Hospital tech workers fight for a fair contract

For two days, more than 100 technical employees at St. Charles Medical Center in Bend, Ore., walked the picket line in front the hospital to demand fair pay and working conditions.

Oregon hospital techs picket line

Frank Dewolf, a cardiac electrophysiology technologist at St. Charles, was pleased with the turnout and community support for the picketers on Jan. 31 and Feb. 1. “I think we showed over the past two days that we are a well-organized group,” he said, “and we are all on board to fight for a fair contract.”

The picketing comes a year after the hospital began contract negotiations with the Oregon Federation of Nurses and Health Professionals, which represents about 150 technologists at the hospital. The union members work in a variety of departments ranging from respiratory therapy and surgery to X-ray. The techs voted to unionize in September 2019. When they began bargaining their first contract in January 2020, the hospital pledged to work collaboratively, but negotiations have moved slowly.

Oregon hospital techs picket line

The hospital has blamed COVID-19, says Russ Amundson, a cardiovascular technologist who has worked at St. Charles for eight years. “They say that COVID has made it too difficult to bargain, but we’ve never stopped providing the highest quality of care in the face of the pandemic.”

Even though the pandemic has given healthcare workers more respect in the community, that respect has not been extended in the hospital, says Amundson. “We are essential to healthcare these days, and the hospital has been treating us like we are disposable.”

One of the biggest issues the technologists want to see addressed in this contract is an increase in pay. The wages are below market value for the area, and more than 90 percent of the technical employees report being underpaid.

“We are proud of the work we do, and we are all craving stability in our work,” says Amundson. “We just want to be able to focus on our jobs and patients and not spend time fighting with the hospital for the basics.”

“Wages are how you value people,” says Tiffany Pilling, a computed tomography technologist who has worked at St. Charles for 29 years. “It’s hard to retain and hire people without a livable wage.”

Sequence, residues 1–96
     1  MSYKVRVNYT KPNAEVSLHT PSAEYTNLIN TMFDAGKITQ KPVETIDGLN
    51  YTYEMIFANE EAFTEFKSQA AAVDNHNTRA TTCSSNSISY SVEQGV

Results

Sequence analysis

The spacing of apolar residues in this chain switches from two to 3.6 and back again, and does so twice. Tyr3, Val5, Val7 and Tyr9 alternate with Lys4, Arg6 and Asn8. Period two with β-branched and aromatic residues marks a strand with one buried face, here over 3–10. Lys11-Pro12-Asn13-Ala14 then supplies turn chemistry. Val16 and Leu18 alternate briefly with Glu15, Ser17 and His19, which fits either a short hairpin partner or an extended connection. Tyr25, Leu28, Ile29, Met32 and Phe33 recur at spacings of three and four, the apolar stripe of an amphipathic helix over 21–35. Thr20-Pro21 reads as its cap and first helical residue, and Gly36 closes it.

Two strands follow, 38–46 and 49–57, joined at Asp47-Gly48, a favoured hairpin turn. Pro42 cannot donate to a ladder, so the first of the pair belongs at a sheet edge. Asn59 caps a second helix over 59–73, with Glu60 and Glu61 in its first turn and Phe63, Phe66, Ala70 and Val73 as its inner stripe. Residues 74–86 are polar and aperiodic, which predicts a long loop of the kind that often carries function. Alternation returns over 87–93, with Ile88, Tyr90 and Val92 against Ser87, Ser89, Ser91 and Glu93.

Oregon hospital techs picket line

Pilling would also like the hospital to give technical employees the opportunity to grow in their careers. “I went from being a radiology tech to a CT tech a decade ago, but it’s hard to grow from here into different positions,” she says. “I feel like the hospital doesn’t value us as techs. We are helping with COVID-19; you hear about nurses all the time, but we are a big part of the team too.”

Nurses at St. Charles are also unionized with the AFT-affiliated Oregon Nurses Association, and the techs say the nurses have supported the techs’ contract efforts.

“The contract campaign has created unity among us,” says Pilling, noting that the nurses are learning more about what the techs do. “There are so many different tech jobs,” she says, “but we all come together as one to support the community to meet the needs of patients.”

The techs have more respect for each other, as well, says Amundson. “We also have better understanding of the technical departments within the hospital, and we are looking out for each other. We had to pump ourselves up to have the courage to take a stand against the hospital, but all of the support has put the wind in our sails,” he says. “We’ll keep the pressure up. We can’t sit back and wait to do things on their terms.”

[Adrienne Coles/photos courtesy of OFNHP]